Big Blue said it will buy a company called Meteorix which specialises in Workday, which is a set of cloud applications for finance and personnel management.
Bridget van Kralingen, senior VP at IBM global business services, said the acquisition will make IBM one of the leading Workday service providers in the world.
Sam Spector, CEO of Mateorix said that his company’s rapid growth was down to its strong focus on customers. He said that combining the capabilities of the two companies will mean customers can use the analytics of IBM and its own experience in providing Workday applications.
IBM did not say how much it will pay for Meteorix or when the acquisition will be completed. It also did nt say whether the unit will function autonomously or whether it will be absorbed into the IBM global services unit.
The company was only started in 2011 with most of its customer base in the USA and Canada.
Big Blue has opened a new cloud centre in Bangalore and has added a bunch of additional services to its cloud portfolio.
It is aiming at the retail market that lets shops target customers using big data.
It has also introduced what it calls “personalised learning” – a package that is aimed at corporations that need to train up people.
And it has introduced a service it calls “insights for a connected world” – a platform that is aimed at the internet of things and which churns data from many sources into analytics that can be sold on or improve businesses from inside.
IBM said it now has over 20 different answers for different businesses from vertical markets to business functions.
The Bangalore centre is intended to let IBM’s customers and partners work together with its own consultants to personalise the different industry platforms it sells.
Big Blue said that its Watson platform is an “entirely new” model of computing because it isn’t programmed and learns.
IBM claimed that in less than in two years the Watson platform now has over 25 application programming interfaces (APIs) available for over 50 technologies, as it introduced new features yesterday.
Those new features include language, speech and vision services as well as more developer tools.
The company claimed its natural language classifier lets developers build application that understand meaning by using its dialogue function.
In addition, Watson visual insights lets developers build apps that will get meaning from social media images and video.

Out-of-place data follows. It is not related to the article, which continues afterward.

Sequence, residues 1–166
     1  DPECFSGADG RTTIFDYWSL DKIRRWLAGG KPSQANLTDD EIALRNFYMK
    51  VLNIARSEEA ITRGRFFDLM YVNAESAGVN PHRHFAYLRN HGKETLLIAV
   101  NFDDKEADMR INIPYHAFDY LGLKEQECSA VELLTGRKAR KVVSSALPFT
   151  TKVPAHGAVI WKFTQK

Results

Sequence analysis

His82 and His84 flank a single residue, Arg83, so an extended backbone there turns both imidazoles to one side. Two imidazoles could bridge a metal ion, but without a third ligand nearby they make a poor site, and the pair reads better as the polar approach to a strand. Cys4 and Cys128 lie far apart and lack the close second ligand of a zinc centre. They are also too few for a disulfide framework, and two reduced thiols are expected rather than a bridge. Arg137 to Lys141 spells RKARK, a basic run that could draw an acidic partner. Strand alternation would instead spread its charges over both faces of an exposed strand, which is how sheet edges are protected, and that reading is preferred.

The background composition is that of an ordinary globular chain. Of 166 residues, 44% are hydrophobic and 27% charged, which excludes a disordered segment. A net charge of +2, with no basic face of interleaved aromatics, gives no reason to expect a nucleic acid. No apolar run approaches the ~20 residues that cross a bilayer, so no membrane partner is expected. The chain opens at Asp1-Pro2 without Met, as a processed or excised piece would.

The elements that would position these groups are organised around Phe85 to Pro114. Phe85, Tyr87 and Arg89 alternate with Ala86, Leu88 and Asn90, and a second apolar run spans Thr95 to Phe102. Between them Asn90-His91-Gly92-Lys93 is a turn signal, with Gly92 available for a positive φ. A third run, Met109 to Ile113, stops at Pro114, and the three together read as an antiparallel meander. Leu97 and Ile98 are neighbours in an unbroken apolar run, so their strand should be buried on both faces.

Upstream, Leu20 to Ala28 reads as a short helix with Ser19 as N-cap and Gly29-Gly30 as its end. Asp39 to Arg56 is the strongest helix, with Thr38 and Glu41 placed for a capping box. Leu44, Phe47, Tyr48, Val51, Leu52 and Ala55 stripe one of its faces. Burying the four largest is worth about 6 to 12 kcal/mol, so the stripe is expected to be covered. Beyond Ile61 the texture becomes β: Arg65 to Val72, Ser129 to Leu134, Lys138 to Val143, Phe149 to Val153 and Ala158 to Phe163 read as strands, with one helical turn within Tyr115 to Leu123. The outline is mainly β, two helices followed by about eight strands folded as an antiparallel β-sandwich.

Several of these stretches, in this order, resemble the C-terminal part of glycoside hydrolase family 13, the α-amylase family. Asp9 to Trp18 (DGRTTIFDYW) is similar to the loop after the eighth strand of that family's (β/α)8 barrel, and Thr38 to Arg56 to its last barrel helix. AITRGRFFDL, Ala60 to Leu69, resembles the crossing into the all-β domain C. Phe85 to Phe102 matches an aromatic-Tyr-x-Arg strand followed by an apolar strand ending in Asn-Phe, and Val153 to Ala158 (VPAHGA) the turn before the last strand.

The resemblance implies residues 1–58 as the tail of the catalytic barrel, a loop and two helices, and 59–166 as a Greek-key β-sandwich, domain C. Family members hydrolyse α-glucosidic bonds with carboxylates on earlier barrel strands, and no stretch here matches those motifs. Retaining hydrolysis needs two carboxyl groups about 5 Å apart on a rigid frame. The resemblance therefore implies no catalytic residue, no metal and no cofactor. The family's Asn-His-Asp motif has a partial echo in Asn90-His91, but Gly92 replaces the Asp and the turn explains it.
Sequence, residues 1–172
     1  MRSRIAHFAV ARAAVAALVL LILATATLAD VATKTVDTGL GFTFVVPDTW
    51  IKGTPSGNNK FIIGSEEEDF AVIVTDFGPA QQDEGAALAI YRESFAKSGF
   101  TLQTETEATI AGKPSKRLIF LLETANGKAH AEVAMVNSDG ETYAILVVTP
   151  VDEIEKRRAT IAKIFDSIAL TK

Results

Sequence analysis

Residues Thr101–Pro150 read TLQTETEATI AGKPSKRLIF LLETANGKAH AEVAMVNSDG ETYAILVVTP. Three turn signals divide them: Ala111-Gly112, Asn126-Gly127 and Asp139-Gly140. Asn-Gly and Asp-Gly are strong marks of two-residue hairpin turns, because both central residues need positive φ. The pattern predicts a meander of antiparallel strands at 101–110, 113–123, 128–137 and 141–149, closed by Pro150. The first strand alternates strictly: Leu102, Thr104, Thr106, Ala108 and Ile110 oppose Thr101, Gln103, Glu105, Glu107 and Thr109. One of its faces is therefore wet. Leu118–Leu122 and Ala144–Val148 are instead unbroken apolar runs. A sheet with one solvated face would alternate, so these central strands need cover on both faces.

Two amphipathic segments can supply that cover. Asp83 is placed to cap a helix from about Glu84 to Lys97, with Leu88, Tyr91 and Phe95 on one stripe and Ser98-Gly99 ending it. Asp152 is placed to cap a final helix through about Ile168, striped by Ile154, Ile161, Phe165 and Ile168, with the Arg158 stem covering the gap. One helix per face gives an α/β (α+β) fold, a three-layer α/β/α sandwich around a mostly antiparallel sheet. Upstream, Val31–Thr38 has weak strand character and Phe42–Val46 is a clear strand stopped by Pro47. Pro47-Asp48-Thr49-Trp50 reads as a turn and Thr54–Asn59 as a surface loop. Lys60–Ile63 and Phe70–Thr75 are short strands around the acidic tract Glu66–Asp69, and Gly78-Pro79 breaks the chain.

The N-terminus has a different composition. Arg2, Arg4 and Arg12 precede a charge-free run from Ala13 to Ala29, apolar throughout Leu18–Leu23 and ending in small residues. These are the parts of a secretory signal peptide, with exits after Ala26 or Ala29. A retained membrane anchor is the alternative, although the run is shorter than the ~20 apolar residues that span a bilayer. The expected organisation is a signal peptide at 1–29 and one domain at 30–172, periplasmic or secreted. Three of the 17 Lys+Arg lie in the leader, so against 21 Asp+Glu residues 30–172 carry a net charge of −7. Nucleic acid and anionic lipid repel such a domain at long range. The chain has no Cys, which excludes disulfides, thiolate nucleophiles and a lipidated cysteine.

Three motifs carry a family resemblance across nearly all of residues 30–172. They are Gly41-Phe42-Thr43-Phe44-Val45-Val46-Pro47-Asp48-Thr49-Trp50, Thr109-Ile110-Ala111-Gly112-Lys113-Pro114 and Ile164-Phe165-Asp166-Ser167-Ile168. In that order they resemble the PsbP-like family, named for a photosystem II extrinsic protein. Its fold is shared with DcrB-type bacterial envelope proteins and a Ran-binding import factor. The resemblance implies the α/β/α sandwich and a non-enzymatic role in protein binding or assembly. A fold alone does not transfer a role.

The company also said it has added to its speech to text and text to speech services by adding Japanese, Mandarin, Spanish and Portuguese.
IBM has also put into beta its “knowledge studio” which it hopes will combine machine learning and text analytics in a single tool.
Meanwhile, the company opened a Watson Hub in San Francisco aimed at collaborating with local and Silicon Valley companies.
Network gear maker Cisco is forming a joint-venture with Chinese server maker Inspur to sell networking and cloud computing products in China.
The Silicon Valley firm has been suffering behind the bamboo curtain because of political pressure and declining sales.
Cisco and Inspur said they would invest $100 million in the project, although they offered few other details.
However this deal is typical of a growing number of tie-ups between Chinese and US technology firms which are part of a cunning plan to get government regulators off the backs of the big multi-nationals.
Microsoft is to partner with Baidu and Chinese state-owned private investment firm Tsinghua Unigroup on cloud technology. Dell announced last week it would invest $125 billion over five years in China. IBM pledged to help develop China’s advanced chip industry with a “Made with China” strategy.
Chipmakers Intel and Qualcomm are developing chips with smaller Chinese companies.
Similar to its dealings with the foreign auto industry in decades past, Chinese officials have made clear to foreign technology firms that market access depends on their sharing technology and cooperating with Chinese industry.
Cisco’s market share has fallen in China, where its products have been labelled a cybersecurity threat by state media and government-affiliated experts.
Tech giant IBM said that it has introduced cloud technology that secures enterprise data.
Cloud Security Enforcer combines cloud identity management – which it dubs identity as a service – that helps enterprises uncover outside apps accessed by employees, including on mobile devices.
IBM said that employees using apps are exposing enterprises to potentially dangerous security exposure.
It said a third of employees at Fortune 1,000 firms share and upload corporate data on third party cloud apps.
Risky things include people signing in with personal email addresses.
IBM claims that 40 percent of mobile apps aren’t secure before they’re made available to the public.
Big Blue said it has built this security feature into software including Box, Office 365, Google Apps, and salesforce.com.